As a part of the .NET interview, the background review was held in a question and answer format. The tech expert asked me about my previous experience, projects, and cases or tasks I would highlight. At this stage, the interviewer seems to generally evaluate the candidate and form a general impression.
Interview questions .NET developers get during the background review:
In my experience, the theoretical knowledge check took the lion's share, about 70-80%, of the interview time. The .NET developer interview questions walked me through a comprehensive examination of the tech stack, from interfaces, inheritance, and delegates to the garbage collector.
The theoretical knowledge check is quite extensive and covers both: (1) basic .NET interview questions, related to things like collections, streams, Language-Integrated Query (LINQ); and (2) knowledge of architectural principles like SOLID, understanding of DI and IoC, and ways to work with them.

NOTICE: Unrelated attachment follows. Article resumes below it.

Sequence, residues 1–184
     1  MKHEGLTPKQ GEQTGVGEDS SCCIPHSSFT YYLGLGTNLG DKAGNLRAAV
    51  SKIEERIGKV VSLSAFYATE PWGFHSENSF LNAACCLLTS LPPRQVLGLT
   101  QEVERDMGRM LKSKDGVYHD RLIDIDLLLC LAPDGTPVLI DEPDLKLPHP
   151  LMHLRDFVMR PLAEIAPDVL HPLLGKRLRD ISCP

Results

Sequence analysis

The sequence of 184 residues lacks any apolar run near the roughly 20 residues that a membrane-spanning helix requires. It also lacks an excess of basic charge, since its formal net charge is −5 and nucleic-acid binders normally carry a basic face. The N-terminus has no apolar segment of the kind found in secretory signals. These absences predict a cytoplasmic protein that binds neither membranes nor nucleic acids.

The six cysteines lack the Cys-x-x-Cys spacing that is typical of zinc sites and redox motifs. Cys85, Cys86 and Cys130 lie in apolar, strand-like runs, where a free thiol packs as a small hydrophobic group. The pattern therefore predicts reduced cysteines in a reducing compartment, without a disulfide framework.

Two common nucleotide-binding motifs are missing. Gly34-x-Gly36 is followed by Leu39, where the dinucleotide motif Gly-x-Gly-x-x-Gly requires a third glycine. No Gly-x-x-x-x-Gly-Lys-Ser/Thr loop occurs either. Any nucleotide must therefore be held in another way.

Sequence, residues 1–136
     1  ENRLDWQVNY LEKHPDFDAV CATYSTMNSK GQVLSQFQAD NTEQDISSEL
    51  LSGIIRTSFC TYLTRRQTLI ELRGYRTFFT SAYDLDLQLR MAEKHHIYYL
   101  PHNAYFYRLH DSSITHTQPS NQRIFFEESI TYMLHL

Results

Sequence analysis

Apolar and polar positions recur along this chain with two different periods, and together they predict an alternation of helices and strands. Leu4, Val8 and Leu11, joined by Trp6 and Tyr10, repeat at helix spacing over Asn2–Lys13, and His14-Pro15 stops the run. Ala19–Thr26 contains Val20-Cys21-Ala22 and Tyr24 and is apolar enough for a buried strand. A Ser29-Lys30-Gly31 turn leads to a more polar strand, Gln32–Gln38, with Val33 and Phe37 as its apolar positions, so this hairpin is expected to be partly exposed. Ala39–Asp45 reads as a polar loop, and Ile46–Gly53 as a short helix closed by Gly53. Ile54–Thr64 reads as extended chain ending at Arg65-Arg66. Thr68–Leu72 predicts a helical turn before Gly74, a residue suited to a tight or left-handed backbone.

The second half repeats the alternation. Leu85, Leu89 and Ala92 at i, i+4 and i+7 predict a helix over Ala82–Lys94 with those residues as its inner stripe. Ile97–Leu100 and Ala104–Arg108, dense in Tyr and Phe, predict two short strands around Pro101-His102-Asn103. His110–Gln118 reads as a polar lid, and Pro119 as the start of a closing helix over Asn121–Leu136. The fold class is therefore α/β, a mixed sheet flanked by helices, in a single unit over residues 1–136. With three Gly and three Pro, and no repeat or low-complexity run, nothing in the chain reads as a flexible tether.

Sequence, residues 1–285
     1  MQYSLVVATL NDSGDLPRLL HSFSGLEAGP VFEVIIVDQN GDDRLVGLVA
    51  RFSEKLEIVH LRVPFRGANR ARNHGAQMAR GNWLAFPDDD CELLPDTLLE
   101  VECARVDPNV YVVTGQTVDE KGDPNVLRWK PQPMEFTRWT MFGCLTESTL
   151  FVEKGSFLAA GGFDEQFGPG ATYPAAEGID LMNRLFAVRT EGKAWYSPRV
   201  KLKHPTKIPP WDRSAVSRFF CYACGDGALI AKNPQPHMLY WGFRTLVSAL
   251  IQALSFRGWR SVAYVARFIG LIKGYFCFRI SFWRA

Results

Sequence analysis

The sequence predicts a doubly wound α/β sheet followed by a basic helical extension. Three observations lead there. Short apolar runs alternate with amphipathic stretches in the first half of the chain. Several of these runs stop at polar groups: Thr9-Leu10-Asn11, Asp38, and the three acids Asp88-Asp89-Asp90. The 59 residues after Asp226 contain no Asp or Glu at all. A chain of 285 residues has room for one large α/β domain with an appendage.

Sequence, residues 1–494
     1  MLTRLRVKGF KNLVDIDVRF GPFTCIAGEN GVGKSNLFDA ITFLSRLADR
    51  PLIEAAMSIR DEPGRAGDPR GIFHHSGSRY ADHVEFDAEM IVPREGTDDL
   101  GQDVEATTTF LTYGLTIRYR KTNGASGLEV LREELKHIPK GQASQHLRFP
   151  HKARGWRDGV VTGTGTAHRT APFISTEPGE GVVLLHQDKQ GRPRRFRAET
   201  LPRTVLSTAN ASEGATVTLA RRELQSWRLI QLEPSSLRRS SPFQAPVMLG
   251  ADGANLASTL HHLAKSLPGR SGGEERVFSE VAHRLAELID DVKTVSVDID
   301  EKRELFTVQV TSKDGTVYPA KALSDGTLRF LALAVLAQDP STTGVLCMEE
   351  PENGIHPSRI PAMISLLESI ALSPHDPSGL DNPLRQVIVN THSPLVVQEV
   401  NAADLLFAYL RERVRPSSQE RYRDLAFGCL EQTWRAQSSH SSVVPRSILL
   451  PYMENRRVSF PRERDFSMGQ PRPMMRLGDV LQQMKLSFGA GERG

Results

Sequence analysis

To make sure I was well prepared for this stage, I explored typical .NET developer interview questions and answers on Habr and other relevant resources and reviewed nearly every fundamental aspect of the .NET stack.
Since the amount of information I needed to recap was huge, I followed the “one day, one topic” approach. This helped me focus, eliminate any confusion, and make sure that I understood the key concepts from a practical perspective.
"It's always interesting to have a general conversation and ask the candidates about expectations of the project. For some reason, most candidates want to work with technologies they don't really know but want to learn. The reality is that customers aren't willing to pay for that "want-to-learn" part."
AleksandrSoftware Engineering Team Leader
Instead of mentioning skills that are too basic or those that you have yet to learn, tech experts recommend that candidates be prepared to describe and demonstrate their actual experience and knowledge.
.NET basic interview questions during the theoretical knowledge check: